Take his words with suspicion if you like. I'll continue to follow the evidence that has been public for over a decade.
 

Angel Ariel

Well-Known Member
A conservative, or really anybody, who is against school vouchers is misguided.
Or has a different perspective. No one I personally know who is actually in education as a career field is on board with vouchers as they are implemented now. Conservatives and liberals alike. (Yes, there are in fact conservative public school teachers).

Again, I refer you back to existing posts that are easily searchable in this thread. I’m not rehashing them, especially given the sweeping “misguided” generalization above.
 

raven24

Well-Known Member
I have no doubt you don't want to hear what I have to say. And that is your loss.
I’m not losing out on anything you have to say.

And you’re right, I don’t want to read all of your posts, so I don’t. I’m not encouraging you to refrain from discussion and posting simply because I don’t care.
 

andysol

Well-Known Member
I wasn’t talking about those of us here in this forum, but the left at large (which is what I took you to be referring to). My sense is that more American “leftists” are like Angel than they are like me (and I freely admit that she’s more pleasant and measured than I am).
The best you’d get is studies with specific topics.

@aw14 shouldnt blanket statement a sentence like that. It should be “on this issue than most liberals” if that were, in fact, the case.

Example, as I recently sourced it from Pew:
If a liberal were to believe that racial discrimination was not “the main reason why black people can’t get ahead these days”, then they would not be like most liberals on that topic.

I think it important we classify specific topics vs blanket statements. Otherwise, we end up with “If you vote for Trump, you’re a bad person” rhetoric.
 

DoubleJ21

Premium Member
Or has a different perspective. No one I personally know who is actually in education as a career field is on board with vouchers as they are implemented now. Conservatives and liberals alike. (Yes, there are in fact conservative public school teachers).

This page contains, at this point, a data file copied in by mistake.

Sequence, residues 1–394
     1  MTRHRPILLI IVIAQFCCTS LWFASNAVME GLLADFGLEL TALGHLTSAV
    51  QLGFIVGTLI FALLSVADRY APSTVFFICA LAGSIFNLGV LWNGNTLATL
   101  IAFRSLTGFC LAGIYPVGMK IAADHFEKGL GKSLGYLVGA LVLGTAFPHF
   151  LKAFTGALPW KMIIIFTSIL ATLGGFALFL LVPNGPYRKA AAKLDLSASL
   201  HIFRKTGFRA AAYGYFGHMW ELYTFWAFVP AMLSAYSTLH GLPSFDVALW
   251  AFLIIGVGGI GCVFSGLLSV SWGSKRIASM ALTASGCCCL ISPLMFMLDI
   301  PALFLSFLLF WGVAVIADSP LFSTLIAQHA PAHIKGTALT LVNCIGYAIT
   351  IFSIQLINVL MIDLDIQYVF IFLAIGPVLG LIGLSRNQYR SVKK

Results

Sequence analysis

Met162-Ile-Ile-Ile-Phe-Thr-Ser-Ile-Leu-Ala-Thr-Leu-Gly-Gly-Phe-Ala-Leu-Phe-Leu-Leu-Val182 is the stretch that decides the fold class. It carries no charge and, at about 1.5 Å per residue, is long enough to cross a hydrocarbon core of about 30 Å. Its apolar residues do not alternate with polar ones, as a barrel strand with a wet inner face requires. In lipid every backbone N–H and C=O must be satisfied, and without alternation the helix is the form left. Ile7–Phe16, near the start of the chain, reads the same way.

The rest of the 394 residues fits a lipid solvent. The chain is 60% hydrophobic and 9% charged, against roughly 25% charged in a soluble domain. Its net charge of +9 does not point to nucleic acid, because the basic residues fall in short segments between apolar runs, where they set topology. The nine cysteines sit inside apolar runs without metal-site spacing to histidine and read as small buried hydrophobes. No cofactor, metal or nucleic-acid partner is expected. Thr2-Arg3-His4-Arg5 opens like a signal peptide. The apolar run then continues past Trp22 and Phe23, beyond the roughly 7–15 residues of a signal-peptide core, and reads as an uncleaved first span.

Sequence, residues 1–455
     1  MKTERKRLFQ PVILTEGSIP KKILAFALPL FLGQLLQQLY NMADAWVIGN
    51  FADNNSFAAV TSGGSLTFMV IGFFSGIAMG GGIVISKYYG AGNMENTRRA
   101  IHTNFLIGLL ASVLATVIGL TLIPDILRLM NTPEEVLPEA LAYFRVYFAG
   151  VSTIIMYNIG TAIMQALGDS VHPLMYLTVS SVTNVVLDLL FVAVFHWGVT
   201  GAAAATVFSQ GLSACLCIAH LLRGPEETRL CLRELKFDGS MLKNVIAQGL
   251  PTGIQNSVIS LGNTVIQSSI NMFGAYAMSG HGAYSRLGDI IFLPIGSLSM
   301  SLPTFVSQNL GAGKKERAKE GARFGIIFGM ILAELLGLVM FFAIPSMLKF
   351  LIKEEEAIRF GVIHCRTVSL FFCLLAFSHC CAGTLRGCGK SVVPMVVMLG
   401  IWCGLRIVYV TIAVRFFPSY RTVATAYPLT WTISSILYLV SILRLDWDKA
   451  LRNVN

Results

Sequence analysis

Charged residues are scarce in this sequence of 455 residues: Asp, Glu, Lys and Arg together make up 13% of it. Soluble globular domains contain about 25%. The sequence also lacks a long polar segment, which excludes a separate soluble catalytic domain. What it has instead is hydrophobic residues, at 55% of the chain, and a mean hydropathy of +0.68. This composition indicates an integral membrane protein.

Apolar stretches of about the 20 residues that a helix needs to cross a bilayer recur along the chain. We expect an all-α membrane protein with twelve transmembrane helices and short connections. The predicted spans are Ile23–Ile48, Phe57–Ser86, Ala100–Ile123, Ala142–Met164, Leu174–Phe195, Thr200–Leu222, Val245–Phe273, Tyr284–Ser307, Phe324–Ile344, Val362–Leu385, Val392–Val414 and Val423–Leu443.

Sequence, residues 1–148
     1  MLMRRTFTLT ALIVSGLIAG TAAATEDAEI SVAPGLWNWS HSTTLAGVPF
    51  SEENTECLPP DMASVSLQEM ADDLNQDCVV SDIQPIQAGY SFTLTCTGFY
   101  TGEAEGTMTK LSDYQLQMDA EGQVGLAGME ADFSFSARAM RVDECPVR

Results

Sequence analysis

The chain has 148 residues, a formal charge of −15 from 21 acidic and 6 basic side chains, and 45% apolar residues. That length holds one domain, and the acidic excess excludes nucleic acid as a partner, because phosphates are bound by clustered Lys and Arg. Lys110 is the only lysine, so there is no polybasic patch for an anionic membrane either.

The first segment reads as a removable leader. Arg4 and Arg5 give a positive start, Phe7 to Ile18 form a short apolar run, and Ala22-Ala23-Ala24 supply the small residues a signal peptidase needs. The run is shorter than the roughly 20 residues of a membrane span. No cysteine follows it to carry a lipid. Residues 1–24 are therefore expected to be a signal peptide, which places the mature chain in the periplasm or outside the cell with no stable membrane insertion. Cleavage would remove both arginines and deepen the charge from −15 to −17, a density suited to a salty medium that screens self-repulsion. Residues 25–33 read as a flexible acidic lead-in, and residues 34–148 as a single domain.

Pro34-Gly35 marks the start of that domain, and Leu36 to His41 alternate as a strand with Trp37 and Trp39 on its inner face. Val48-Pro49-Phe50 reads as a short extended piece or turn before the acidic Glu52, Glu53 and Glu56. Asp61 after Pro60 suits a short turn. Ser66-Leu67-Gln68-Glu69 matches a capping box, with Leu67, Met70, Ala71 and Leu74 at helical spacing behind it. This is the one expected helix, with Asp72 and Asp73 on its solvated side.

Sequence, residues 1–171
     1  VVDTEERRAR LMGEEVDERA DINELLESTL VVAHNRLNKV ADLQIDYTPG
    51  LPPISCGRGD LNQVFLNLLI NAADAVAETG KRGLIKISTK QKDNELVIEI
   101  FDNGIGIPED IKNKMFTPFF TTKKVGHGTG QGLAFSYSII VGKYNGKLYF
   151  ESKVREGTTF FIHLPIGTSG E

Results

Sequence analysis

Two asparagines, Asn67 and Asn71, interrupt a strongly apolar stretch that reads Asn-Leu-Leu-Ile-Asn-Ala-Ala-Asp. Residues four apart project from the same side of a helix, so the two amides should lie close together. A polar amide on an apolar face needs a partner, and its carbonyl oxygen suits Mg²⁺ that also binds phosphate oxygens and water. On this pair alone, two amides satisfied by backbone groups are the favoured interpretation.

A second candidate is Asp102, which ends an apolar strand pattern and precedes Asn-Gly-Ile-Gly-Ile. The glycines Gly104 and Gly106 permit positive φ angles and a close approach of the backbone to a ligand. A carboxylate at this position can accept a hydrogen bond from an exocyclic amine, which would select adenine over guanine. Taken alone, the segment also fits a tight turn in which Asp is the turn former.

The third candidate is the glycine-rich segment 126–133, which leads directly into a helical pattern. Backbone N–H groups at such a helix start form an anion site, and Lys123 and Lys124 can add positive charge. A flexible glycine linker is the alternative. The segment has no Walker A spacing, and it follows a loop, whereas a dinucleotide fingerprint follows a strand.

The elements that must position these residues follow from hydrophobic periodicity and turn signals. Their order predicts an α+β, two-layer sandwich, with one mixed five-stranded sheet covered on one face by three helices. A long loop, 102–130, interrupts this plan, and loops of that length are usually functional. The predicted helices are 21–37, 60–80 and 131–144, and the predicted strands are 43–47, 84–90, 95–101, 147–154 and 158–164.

Again, I refer you back to existing posts that are easily searchable in this thread. I’m not rehashing them, especially given the sweeping “misguided” generalization above.
I am looking back and you seem to be misguided as to how a voucher system would work, and the positive consequences. Based on your anecdotal evidence, you've come to the conclusion that the fault lies not with teachers, but 100% at the feet of the students and parents. As a recent graduate of a public school, I can tell you this assumption is misguided. Is the culture a problem in some areas? Yes. But, there are countless, worthless teachers as well, and the public schools have zero accountability as they rest on their laurels knowing no harm will come to them. Free choice among the parents forces competition into the school system, which today is a monopoly. There are also parents who would like to send their child to a school that lacks the anti-education culture, but they have no choice.

I have several family members who are public school teachers that would like to see a voucher system. They are tired of the corruption and the downright asinine behavior of their co-workers who would be fired on the spot in a private school. At least in a voucher system the public schools would actually have to compete on a level playing field for students, therefore increasing accountability.
 
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aw14

Well-Known Member
The best you’d get is studies with specific topics.

@aw14 shouldnt blanket statement a sentence like that. It should be “on this issue than most liberals” if that were, in fact, the case.

Example, as I recently sourced it from Pew:
If a liberal were to believe that racial discrimination was not “the main reason why black people can’t get ahead these days”, then they would not be like most liberals on that topic.

I think it important we classify specific topics vs blanket statements. Otherwise, we end up with “If you vote for Trump, you’re a bad person” rhetoric.
Please let me know which statement was blanketed...I would be interested in seeing

If you are referring to “typical left” I felt it self explanatory to this thread, since we are discussing this with each other and not random people outside. If anyone has been paying attention, there are certain posters here that are cartoon versions of the stereotypical left. I’ll allow people the opportunity to decide who that is for themself. @Angel Ariel is not one of them, which was my point.